A ZENIT DAILY DISPATCH
1st Lenten Sermon of Father Cantalamessa
"May the Words of the Gospel Wash Our Sins Away"
VATICAN CITY, 22 FEB. 2008 (ZENIT)
Here is a translation of the Lenten
meditation delivered today by Capuchin Father Rainero Cantalamessa,
preacher of the Pontifical Household, to Benedict XVI and the Roman
Curia, titled "Jesus Began to Preach: The Word of God in the Life of
* * *
In view of the Synod of Bishops next October I thought that I would dedicate my Lenten preaching this year to the theme of the word of God. We will meditate, in succession, on the proclamation of the Gospel in the life of Christ, that is, on Jesus as the one “who preaches,” on proclamation in the mission of the Church, that is, on Christ as “preached,” on the word of God as a means of personal sanctification, the “lectio divina,” and on the relationship between the Spirit and the word, concretely speaking, the spiritual reading of the Bible.
We begin this preaching on the day in which the Church celebrates the feast of the Chair of St. Peter, and this in not without significance for our theme. First of all it offers us an occasion to pay the homage of our affection and devotion to him who today sits in the Chair of Peter, the Holy Father Benedict XVI. We then recall what the Apostle Peter himself wrote in his Second Letter, namely, that “no prophetic scripture may be subjected to private explanation” (2 Peter 1:20) and that for this reason every interpretation of the word of God must be measured against the living tradition of the Church, whose authentic interpretation is entrusted to the apostolic teaching office and, in a singular way, to the Petrine teaching office.
It is beautiful, in such a circumstance as this, and in the contemporary context of ecumenical dialogue, to recall the famous text of St. Irenaeus: “Since, however, it would take too long to enumerate the successions of all the Churches in this volume, we take the very great, the very ancient, and universally known Church founded and organized at Rome by the two most glorious apostles, Peter and Paul. [...] With this Church, by reason of its more excellent origin (‘propter potentiorem principalitatem’), every Church must be in agreement, that is, the faithful from everywhere, since in her the Tradition that comes from the apostles has always been preserved for all men.”
In this spirit, not without fear and trembling, I ready myself to present my reflections on the vital theme of the word of God, in the presence of the successor of Peter, the Bishop of the Church of Rome.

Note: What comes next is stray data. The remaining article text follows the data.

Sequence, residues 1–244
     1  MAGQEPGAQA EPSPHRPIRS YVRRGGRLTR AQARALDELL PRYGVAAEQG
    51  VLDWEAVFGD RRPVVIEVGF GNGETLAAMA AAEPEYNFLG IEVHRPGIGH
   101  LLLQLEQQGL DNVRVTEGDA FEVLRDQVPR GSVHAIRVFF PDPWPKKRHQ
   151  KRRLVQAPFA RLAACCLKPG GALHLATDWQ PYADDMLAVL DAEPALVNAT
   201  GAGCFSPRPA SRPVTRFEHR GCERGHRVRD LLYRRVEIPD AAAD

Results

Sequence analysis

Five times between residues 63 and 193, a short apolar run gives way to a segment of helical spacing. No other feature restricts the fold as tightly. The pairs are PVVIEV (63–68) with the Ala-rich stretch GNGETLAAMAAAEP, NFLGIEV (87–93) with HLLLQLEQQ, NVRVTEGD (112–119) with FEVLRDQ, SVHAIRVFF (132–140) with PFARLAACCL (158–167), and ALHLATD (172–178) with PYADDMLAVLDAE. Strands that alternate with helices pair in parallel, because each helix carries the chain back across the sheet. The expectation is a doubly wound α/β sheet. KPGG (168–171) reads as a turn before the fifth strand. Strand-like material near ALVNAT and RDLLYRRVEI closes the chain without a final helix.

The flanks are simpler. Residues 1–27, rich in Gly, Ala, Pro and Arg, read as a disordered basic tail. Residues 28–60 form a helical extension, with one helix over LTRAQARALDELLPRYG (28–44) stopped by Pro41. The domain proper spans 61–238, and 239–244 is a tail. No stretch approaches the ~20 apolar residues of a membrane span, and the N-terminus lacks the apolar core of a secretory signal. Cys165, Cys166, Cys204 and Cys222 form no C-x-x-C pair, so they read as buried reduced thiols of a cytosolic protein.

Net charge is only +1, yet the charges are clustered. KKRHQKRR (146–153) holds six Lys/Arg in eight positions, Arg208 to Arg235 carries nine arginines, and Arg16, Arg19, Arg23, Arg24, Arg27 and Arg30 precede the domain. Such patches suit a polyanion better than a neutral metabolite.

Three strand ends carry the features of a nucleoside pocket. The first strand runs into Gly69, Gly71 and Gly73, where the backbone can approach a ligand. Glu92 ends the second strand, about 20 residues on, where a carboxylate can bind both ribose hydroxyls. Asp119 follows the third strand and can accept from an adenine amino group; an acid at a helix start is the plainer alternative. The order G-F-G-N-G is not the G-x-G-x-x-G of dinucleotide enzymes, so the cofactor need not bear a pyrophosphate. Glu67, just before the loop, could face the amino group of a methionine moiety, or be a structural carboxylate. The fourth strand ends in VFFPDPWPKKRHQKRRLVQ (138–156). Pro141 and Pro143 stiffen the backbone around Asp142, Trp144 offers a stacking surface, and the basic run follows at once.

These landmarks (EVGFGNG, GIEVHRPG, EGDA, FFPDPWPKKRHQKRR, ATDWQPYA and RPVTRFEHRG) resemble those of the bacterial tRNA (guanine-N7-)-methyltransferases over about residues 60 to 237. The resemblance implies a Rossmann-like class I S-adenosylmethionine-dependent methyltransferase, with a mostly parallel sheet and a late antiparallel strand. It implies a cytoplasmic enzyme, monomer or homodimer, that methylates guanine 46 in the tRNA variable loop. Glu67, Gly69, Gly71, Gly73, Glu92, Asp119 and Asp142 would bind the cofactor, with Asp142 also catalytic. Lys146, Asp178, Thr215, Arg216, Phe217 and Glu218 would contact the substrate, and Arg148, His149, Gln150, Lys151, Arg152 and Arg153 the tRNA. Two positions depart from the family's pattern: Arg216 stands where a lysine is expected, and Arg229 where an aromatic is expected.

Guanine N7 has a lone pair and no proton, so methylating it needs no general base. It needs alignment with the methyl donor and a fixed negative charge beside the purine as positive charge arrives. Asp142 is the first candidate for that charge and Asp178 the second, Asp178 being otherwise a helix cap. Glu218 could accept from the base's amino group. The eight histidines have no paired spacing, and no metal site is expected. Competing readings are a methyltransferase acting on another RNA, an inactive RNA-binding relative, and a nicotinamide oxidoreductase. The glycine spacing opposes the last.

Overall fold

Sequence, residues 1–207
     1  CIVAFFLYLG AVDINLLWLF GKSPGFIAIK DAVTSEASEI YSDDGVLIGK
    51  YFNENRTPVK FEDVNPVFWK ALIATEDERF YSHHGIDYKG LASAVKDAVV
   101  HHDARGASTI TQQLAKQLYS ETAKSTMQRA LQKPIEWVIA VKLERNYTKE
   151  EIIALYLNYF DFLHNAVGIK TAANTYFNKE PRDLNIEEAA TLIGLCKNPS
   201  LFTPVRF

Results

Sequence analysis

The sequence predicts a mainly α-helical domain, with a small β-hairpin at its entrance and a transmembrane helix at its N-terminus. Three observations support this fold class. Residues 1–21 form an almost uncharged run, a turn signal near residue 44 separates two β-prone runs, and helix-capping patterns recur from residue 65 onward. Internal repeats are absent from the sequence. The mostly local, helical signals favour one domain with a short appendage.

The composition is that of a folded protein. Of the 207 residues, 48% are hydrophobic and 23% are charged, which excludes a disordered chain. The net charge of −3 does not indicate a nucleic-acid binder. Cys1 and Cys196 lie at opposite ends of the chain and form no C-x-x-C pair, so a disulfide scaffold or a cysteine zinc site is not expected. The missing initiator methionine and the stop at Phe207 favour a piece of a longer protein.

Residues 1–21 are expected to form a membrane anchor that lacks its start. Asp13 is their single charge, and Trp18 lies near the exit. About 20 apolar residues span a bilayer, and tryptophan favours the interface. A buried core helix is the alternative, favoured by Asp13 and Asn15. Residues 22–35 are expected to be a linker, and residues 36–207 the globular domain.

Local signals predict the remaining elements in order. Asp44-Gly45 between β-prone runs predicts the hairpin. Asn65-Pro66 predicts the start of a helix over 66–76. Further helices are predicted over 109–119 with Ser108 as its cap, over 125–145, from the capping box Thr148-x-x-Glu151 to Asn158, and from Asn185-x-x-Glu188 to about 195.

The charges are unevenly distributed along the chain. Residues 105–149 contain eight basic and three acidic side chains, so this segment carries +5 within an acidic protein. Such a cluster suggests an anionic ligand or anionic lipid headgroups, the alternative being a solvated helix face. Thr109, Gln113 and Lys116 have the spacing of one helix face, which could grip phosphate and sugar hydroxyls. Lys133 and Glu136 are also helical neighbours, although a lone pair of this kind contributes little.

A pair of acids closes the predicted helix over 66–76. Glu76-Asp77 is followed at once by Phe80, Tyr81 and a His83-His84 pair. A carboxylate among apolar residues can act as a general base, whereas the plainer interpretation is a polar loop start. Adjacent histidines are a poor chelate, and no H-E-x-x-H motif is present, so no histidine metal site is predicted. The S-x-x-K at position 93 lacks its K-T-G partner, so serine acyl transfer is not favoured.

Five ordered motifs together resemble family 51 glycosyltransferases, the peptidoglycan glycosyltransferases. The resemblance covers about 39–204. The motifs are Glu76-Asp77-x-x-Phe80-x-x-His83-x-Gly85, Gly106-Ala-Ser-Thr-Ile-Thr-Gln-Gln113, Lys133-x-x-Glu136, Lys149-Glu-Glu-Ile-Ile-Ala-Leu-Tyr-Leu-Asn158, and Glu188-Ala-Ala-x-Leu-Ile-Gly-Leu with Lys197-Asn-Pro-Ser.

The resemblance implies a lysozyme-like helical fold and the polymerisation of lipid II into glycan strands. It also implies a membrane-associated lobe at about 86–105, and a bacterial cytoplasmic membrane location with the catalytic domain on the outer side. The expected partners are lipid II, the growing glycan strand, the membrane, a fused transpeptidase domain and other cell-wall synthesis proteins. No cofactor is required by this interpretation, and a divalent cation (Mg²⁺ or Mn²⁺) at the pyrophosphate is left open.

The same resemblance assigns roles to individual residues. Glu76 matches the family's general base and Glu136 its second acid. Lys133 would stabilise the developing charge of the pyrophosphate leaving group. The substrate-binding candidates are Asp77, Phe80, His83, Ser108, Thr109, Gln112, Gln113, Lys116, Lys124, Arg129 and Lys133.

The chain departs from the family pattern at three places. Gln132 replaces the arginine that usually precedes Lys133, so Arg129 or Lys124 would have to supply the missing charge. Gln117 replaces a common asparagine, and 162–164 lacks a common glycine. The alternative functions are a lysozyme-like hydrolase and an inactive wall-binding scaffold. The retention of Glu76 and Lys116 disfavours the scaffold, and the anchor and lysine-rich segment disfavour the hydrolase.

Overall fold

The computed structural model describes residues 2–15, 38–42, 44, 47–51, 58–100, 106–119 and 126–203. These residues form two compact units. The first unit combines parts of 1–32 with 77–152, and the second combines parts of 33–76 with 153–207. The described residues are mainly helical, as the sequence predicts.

1. Preaching in the Life of Jesus
After the account of Jesus’ baptism, the Evangelist Mark continues his narrative saying: “Jesus came into Galilee, preaching the Gospel of God and saying ‘The time is fulfilled and the kingdom of God is at hand; repent and believe in the Gospel” (Mark 1:14). Matthew puts it more briefly: “From that time Jesus began to preach, saying, ‘Repent, for the kingdom of heaven is at hand’” (Matthew 4:17). With these words the “Gospel” begins understood as the good news “of” Jesus — that is, received from Jesus and of which Jesus is the subject, which is different from the good news “about” Jesus of the subsequent apostolic preaching, in which Jesus is the object.
We have here an event that occupies a very precise place in time and in space: It happened “in Galilee,” “after John was arrested.” The verb used by the evangelists, “he began to preach,” strongly emphasizes that it is a “beginning,” something new not only in the life of Jesus, but in salvation history itself. The Letter to the Hebrews expresses this novelty thus: “In many and sundry ways God spoke of old to our fathers by the prophets; but in these last days he has spoken to us by the Son” (Hebrews 1:1-2).
A special time begins in salvation, a new “kairos,” which lasts for about 2 and a half years (from the autumn of 27 A.D., to the spring of 30 A.D.). Jesus attributed to this activity of his such an importance as to say that he had been sent by the Father and consecrated with an anointing of the Spirit for this, that is, “to announce the glad tidings” (Luke 4:18). On one occasion, while there were some who wanted to keep him, he tells the apostles that they must leave, saying to them: “Let us go on to the next towns, that I may preach there also; for this in fact I have come” (Mark 1:38).